The engine is a 59 AB flathead with Edelbrock heads. Fuel delivery is handled by 4 chromed 97 carburetors (2 dummies) mounted on a very rare Baron Tattlersfield 4×2 aluminum intake manifold. Ignition is handled by a Mallory dual point distributor. Chromed waterpumps, a custom radiator and electric cooling fans keep the temperature in check. The exhaust system is comprised of chromed headers, pipes and Glaspac mufflers. The transmission is a 1939 Ford unit.
The front suspension has a rare “Axle” Stewart chromed front axle. The rear is a chromed 1940 Ford unit with 3:78 gears. Rear brakes are 1940 Ford as well. Wheels are 7.50×16 tires on reversed 16″ rims on the rear and 5.60×15 on stock style 15″ rims on the front.
The car was finished in time for the 50th Anniversary Grand National Roadster Show in 1999 and then basically put in storage from 2000-2014. In 2014 Mickey decided it was time to dust off and freshen up the “Moonshiner” for the 2015 indoor show season. The car was mechanically gone through including: new coil, distributor, battery, rebuilt waterpumps and completely rebuilt rear brake system. All fluids were changed and the car received a major detailing to show quality with paint and striping touched up by Brandon Flaner from East Bay Speed and Custom.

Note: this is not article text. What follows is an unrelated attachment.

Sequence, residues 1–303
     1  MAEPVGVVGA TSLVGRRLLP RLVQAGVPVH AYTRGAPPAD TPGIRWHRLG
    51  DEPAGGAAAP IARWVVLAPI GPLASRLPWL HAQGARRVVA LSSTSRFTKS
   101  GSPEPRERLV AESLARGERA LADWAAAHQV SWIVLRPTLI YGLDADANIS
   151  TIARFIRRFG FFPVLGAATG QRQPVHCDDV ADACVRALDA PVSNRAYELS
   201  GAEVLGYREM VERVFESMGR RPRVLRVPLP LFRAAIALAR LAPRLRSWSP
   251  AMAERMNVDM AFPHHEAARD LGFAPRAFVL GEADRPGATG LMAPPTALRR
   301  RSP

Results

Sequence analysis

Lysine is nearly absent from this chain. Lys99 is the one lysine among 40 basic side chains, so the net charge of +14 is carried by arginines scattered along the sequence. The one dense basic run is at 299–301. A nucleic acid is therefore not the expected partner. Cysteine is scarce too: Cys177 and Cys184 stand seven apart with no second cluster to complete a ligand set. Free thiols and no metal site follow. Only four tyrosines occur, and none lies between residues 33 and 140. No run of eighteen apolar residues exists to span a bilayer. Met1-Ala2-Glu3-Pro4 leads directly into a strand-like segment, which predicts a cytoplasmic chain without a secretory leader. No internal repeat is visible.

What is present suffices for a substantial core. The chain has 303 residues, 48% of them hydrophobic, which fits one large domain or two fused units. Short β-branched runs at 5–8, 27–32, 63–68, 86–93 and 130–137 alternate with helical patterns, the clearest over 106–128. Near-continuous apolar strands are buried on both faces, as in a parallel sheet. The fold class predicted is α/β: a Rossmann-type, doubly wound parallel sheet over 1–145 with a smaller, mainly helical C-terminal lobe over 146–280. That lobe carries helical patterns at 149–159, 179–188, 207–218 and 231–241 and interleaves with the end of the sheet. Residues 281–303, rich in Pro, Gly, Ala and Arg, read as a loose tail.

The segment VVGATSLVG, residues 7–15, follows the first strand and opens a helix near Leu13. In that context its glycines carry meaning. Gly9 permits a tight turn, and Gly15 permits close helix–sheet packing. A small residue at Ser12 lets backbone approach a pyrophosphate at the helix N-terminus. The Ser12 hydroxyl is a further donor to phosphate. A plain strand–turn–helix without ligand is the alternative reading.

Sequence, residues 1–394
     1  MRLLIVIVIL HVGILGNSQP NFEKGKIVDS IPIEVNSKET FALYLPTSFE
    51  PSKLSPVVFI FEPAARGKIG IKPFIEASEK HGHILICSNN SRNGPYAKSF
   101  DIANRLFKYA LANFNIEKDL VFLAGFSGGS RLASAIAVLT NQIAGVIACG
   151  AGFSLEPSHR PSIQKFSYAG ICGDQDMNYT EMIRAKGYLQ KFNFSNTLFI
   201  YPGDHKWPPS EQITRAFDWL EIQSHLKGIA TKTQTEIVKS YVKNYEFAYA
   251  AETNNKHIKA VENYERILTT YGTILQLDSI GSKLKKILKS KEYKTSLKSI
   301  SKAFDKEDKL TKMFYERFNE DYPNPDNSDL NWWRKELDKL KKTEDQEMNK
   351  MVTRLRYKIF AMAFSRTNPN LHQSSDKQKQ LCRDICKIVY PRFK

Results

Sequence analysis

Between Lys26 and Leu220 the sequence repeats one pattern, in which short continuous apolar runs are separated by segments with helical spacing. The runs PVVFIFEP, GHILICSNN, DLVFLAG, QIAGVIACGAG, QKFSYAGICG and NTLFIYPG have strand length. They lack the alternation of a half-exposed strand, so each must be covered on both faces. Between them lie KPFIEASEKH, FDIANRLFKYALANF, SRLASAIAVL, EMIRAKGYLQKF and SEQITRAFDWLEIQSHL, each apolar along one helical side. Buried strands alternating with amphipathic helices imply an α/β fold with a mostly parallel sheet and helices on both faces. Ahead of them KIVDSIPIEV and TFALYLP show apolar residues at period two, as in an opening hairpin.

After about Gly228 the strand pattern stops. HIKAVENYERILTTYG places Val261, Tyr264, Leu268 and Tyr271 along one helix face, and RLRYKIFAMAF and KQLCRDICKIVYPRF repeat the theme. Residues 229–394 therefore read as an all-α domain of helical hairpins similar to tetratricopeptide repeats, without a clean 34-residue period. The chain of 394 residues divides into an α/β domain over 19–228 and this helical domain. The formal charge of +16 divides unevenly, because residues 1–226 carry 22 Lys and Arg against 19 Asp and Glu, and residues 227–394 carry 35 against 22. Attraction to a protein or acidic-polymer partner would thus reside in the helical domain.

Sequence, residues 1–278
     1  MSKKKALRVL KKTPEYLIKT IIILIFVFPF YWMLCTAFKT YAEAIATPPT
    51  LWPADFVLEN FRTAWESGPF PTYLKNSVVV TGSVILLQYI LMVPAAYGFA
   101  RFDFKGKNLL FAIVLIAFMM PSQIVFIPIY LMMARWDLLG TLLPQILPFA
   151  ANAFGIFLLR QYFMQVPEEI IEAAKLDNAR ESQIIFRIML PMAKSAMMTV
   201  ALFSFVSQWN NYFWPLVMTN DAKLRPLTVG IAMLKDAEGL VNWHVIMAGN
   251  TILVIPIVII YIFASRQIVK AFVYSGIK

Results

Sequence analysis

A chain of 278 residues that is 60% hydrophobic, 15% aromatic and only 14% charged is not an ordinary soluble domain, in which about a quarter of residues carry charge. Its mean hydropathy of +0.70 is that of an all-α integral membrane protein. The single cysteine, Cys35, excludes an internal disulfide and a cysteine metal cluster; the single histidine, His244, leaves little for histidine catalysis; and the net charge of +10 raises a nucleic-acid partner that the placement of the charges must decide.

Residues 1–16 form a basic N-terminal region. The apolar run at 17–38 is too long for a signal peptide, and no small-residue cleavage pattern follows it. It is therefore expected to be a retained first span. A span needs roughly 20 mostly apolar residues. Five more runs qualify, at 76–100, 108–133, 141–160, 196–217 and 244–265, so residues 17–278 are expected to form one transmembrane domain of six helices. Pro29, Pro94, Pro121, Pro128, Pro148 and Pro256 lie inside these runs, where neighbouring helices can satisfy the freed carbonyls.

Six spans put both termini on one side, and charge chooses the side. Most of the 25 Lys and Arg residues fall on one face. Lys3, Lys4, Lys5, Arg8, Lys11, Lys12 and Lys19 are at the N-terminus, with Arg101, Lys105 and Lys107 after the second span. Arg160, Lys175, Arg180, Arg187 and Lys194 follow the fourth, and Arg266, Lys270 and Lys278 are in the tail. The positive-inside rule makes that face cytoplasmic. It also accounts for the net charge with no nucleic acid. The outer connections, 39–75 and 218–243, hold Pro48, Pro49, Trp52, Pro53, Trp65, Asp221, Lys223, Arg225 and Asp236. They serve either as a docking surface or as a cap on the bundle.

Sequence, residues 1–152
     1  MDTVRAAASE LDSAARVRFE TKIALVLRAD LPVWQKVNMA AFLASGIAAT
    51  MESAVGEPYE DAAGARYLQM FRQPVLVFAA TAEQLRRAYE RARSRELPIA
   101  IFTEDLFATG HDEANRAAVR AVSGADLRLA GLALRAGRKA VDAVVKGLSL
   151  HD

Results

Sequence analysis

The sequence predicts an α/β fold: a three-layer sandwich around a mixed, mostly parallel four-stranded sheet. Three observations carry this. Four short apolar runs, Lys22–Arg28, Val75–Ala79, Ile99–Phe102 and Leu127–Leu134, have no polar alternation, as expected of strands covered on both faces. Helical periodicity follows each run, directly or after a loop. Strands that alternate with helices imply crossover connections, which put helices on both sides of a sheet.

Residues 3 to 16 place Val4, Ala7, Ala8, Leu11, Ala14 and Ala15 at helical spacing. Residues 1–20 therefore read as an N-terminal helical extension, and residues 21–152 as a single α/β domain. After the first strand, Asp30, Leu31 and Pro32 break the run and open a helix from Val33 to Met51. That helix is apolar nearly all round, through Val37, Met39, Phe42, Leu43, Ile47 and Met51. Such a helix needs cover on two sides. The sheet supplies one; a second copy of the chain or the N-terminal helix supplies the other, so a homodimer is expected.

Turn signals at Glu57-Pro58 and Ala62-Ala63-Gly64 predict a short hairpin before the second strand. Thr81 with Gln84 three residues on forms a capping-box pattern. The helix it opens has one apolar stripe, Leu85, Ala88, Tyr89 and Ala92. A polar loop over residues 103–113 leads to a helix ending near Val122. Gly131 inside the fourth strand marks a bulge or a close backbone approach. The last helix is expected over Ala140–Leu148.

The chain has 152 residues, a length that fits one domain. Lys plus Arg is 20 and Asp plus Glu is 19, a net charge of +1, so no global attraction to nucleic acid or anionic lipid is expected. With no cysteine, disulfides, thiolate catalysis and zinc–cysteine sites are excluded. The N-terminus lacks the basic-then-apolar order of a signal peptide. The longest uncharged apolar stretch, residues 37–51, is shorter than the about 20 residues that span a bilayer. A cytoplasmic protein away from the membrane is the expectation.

All of the work paid off when the “Moonshiner” won first place in its class at both the 2015 Grand National Roadster show in Pomona and the Sacramento Autorama. Now, with another recreation in the works, Mickey has decided to let the “Moonshiner” go to a new home. This car runs and drives excellent with under 1,000 miles on it and couldn’t be built for near the asking price. Currently titled and registered in California. As an added bonus the car was just photographed by professional photographer Tim Sutton and will be a feature vehicle in volume 11, issue 1 of Hop Up magazine just out in April 2015.
In my opinion, if there was ever an opportunity to acquire a truly legendary T hot rod this is it. And the asking price is only $34,950! Heck, it’s got $20K of chrome alone to say nothing of its legacy and just plain overall totally unique and cool looks. If you’ve got the cash and want to own a true T treasure contact Carbuffs in Concord, CA. If you’re serious, tell Richie we sent you and you can thank him for letting us use this absolutely beautiful gallery of Moonshiner photos.
September 25, 2015 Update: SOLD, for $33K at Barrett-Jackson Las Vegas. Congratulations to the lucky owner.
January 18, 2017 Update: SOLD AGAIN, this time for $35.2K at Barrett-Jackson Las Vegas 2017. Another lucky buyer.